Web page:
Warriors’ Path State Park in Kingsport and Davy Crockett Birthplace State Park in Limestone are among the 12 Tennessee State Parks that are joining the Tennessee chapter of the American Canoe Association to offer low-cost kayaking instruction as part of National Safe Boating Week on May 21-27.

The ACA is the national accrediting body for paddle sports education. The classes are being offered at a discount, costing $15 per person, with the revenue going to Tennessee State Parks. All instructors are Tennessee volunteers who are nationally certified to give paddling and rescue training.

A limited number of kayaks, paddles, and life jackets are available at no additional charge at most of the parks if participants reserve the equipment during registration. Each participating park is offering instruction in either introductory flatwater kayaking or introductory river kayaking.

Participants choose which curriculum they want and select one of the parks offering that class.

The classes begin at 9 a.m. May 21. Registration is open at https://tnstateparks.com/ on the “Things to Do” link. In-person spaces are limited, so an alternative, free online class is available. However, in-person training with a certified instructor is strongly encouraged.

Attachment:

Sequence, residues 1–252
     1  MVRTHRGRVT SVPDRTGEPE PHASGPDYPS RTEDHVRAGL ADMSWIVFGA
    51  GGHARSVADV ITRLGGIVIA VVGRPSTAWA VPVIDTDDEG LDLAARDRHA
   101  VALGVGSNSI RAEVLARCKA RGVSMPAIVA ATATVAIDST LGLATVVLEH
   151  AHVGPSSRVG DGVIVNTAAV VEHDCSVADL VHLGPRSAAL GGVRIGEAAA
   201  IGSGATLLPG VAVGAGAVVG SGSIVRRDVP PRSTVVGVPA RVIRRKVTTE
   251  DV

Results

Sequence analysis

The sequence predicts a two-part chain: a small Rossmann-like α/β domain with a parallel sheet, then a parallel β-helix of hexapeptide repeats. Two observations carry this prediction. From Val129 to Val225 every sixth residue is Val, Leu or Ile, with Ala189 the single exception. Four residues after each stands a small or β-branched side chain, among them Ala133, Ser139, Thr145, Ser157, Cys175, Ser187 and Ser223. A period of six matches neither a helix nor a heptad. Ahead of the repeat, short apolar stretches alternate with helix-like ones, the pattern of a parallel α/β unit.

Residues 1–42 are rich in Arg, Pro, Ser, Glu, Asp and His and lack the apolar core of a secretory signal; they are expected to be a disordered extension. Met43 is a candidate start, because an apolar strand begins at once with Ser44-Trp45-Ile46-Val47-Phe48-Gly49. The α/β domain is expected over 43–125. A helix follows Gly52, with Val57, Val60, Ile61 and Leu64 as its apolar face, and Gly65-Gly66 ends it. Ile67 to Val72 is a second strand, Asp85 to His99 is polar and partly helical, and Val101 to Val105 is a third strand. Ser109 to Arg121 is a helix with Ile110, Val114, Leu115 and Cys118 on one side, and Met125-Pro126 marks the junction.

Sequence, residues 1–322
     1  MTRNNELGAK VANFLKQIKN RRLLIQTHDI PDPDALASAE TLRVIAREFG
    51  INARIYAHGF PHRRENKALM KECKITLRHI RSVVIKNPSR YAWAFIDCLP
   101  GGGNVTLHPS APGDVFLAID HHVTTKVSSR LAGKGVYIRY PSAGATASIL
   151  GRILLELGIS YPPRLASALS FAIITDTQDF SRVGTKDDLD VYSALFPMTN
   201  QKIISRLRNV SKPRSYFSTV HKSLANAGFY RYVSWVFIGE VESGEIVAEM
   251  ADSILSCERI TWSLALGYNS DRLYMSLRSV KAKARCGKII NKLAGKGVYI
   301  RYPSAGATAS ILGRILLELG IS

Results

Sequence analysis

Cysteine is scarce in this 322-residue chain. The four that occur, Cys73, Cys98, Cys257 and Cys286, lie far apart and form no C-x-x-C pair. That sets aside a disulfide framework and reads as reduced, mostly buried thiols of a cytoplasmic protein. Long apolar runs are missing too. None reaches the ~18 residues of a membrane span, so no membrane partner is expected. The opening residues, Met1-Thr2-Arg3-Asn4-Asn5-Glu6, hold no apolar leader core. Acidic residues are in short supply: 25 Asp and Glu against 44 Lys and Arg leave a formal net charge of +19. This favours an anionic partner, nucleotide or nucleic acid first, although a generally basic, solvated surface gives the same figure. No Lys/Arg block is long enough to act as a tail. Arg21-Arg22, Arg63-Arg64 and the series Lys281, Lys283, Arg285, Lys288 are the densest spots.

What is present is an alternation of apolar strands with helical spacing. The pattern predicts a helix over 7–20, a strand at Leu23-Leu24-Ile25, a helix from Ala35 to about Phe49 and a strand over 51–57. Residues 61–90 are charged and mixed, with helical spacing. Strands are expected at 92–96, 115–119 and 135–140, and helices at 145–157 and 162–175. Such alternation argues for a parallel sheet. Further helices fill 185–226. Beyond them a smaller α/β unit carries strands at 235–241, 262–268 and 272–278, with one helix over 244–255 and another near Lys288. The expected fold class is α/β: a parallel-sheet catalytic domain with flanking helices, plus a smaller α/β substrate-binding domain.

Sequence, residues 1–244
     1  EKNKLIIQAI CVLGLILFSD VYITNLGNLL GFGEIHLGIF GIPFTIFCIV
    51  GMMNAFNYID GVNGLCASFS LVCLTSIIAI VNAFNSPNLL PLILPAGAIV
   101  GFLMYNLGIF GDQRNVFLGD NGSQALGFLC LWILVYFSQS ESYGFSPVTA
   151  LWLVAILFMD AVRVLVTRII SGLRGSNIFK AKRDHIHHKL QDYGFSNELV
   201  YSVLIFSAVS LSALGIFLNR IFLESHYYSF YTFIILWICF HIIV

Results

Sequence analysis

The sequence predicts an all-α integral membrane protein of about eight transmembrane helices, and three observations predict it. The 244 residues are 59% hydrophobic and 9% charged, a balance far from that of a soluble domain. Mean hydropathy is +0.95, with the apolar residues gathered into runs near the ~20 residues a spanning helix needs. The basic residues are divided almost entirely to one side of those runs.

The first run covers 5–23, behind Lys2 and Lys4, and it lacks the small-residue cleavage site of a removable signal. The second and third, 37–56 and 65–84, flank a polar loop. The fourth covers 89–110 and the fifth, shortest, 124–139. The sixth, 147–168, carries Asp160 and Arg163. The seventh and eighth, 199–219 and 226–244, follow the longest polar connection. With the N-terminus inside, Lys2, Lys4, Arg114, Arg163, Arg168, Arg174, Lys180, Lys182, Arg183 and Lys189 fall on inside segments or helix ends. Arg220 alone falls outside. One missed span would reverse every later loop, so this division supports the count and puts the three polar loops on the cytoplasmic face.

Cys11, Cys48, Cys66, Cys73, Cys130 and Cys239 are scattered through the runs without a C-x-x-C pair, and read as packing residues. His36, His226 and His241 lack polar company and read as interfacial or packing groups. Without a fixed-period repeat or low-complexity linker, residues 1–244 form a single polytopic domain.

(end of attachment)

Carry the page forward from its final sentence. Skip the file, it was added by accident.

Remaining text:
The entire list of participating parks:

• Meeman-Shelby Forest State Park

• Chickasaw State Park

• Harpeth River State Park

• Long Hunter State Park

• Fall Creek Falls State Park

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• Seven Islands State Birding Park

• Big Ridge State Park

• Harrison Bay State Park

• Hiwassee/Ocoee Scenic River State Park

• Davy Crockett Birthplace State Park

• Cove Lake State Park

• Warriors’ Path State Park

“We are fortunate to have Tennesseans who are certified ACA paddle-sports instructors volunteering to partner with our park rangers to conduct the training as part of National Safe Boating Week,” said Jim Bryson, deputy commissioner of the Tennessee Department of Environment and Conservation. “This is an opportunity to learn good paddling practices so Tennesseans can safely enjoy our waterways.”

“Because Tennessee has such amazing destination waterways that are popular with paddlers from across the region, we are also in the unfortunate position of leading the nation in 2020 and 2021 in river-related paddling fatalities,” said Andrea White, state director for ACA. “Our ACA instructors, paddling clubs and schools jumped at the chance to help our neighbors as part of National Safe Boating Week.”

ACA Tennessee estimates there are approximately one million people regularly paddling Tennessee waterways who have not had any formal training. ACA instructors look forward to helping the participants in the Kayaking 101 classes to better understand hazards, learn some tips to achieve more boat control, and generally help them to have more fun out on the water.

Paddling leaders from the following organizations are making the event possible: Bluff City Canoe Club in Memphis; West Tennessee Canoe and Kayak Club in Jackson; Tennessee Scenic Rivers Association in Nashville; Tennessee Valley Canoe Club in Chattanooga; Chota Canoe Club in Knoxville; East Tennessee Whitewater Club in Oak Ridge; Tennessee RiverLine in Knoxville; Appalachian Paddling Enthusiasts in Johnson City; and Nolichucky Outdoor Learning Institute in Erwin; as well as independent ACA instructors statewide.

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